Outrageous orange infused falafel
I know orange falafel sounds weird. The orange cuts through the musky undertones of the chickpeas and cumin and gives lighter note to the falafel. Serve it in a wrap with generous serving of crisp lettuce and a few dollops of natural yogurt, the sweetness of a few cherry tomatoes and topped with a sprinkle of tangy feta, yumminess. For little one it makes for a perfect snack or lunch on its own or dipped in yogurt – if you don't mind the mess. Enjoy my outrageous mash-up: the taste of a Seville orange in a middle eastern falafel.
Makes 6 – 8 falafels
Tin of chickpeas (drained thoroughly)
1 tsp of large (Seville) naval orange zest finely grated (any orange would work!)
1 tsp coriander
¼ tsp cumin
½ tbsp fresh parsley finely chopped
4 spring onions
2 tbsp flour
Sunflower oil for frying
1. Place all ingredients except flour in a food processor and blend. Put the falafel mix in a bowl and mix through flour.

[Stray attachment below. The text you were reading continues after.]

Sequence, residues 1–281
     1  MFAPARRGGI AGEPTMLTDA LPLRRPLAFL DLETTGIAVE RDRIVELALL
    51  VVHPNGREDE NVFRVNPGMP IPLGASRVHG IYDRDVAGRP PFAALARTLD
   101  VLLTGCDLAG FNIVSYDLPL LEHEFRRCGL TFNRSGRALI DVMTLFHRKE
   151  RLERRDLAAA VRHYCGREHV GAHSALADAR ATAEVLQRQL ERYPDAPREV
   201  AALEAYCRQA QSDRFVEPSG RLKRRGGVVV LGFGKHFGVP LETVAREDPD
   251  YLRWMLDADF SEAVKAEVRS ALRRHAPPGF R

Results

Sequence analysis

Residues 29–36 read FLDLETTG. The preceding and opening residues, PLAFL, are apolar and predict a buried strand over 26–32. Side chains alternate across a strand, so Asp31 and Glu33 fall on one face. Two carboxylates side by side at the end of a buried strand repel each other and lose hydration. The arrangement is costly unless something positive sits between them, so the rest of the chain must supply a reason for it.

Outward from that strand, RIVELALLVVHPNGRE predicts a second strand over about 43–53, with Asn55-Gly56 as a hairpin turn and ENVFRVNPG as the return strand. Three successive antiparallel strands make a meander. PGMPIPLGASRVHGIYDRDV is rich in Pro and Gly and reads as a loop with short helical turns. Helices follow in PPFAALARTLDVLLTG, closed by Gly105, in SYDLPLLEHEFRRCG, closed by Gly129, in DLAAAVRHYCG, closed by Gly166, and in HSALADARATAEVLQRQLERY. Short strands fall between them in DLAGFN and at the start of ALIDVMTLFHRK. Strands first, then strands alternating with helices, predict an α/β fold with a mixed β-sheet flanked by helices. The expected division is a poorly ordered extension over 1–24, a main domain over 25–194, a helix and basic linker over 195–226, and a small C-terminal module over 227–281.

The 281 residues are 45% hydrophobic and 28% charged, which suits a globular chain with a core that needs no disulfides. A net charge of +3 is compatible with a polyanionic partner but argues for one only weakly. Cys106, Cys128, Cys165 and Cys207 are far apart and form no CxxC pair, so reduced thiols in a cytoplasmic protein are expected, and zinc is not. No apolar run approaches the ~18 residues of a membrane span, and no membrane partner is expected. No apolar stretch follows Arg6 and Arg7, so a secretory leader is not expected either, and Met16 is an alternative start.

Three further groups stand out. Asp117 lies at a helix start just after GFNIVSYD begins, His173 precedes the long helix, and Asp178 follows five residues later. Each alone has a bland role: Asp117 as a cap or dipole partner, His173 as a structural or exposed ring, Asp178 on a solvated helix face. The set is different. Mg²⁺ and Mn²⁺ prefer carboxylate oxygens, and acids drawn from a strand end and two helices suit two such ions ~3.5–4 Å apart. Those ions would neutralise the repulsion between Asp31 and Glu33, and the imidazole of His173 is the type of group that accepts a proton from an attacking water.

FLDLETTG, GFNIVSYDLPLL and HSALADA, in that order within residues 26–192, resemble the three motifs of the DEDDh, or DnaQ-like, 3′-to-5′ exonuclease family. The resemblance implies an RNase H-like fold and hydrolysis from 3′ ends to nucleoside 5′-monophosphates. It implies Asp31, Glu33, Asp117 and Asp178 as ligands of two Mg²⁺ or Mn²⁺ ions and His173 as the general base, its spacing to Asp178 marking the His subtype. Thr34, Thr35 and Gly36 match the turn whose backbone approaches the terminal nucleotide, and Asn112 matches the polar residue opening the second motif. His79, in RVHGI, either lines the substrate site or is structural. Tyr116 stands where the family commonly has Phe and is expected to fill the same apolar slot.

2. Make balls slightly larger than a golf ball by pressing and rolling the the mixture
3. Put oil in a frying pan so it's around ½ cm deep. Put on a medium-high heat; you can test the oil is at the right temperature by putting a small bit of bread in, if bubbles form around it then the oil is at the right temperature – it needs to be hot enough to prevent the falafel absorbing lots of oil but cool enough that it will cook throughout without burning on the outside.
4. Fry falafels for around 8-12 mins turning around to evenly cook. Once cooked the will be crispy on the outside and soft and moist, but cooked on the inside.
The falafels can be frozen on a baking paper lined baking tray, once frozen pop them into a freezer bag/container. Defrost in fridge and gently re-heat in fan oven 180 for 10-15 mins or eat cold. If making for grown-ups you need around ¼ tsp salt to be added before blending. Serve it in a wrap with generous serving of crisp lettuce and a few dollops of natural yogurt, the sweetness of a few cherry tomatoes and topped with a sprinkle of tangy feta, yumminess. For little one it makes for a perfect snack or lunch on its own or dipped in yogurt – if you don't mind the mess.
Falafels were first eaten by the Egyptians, they are now a common street food across the Middle East. Falafel became so popular that McDonalds for a time served a "McFalafel" in its breakfast menu all over Egypt.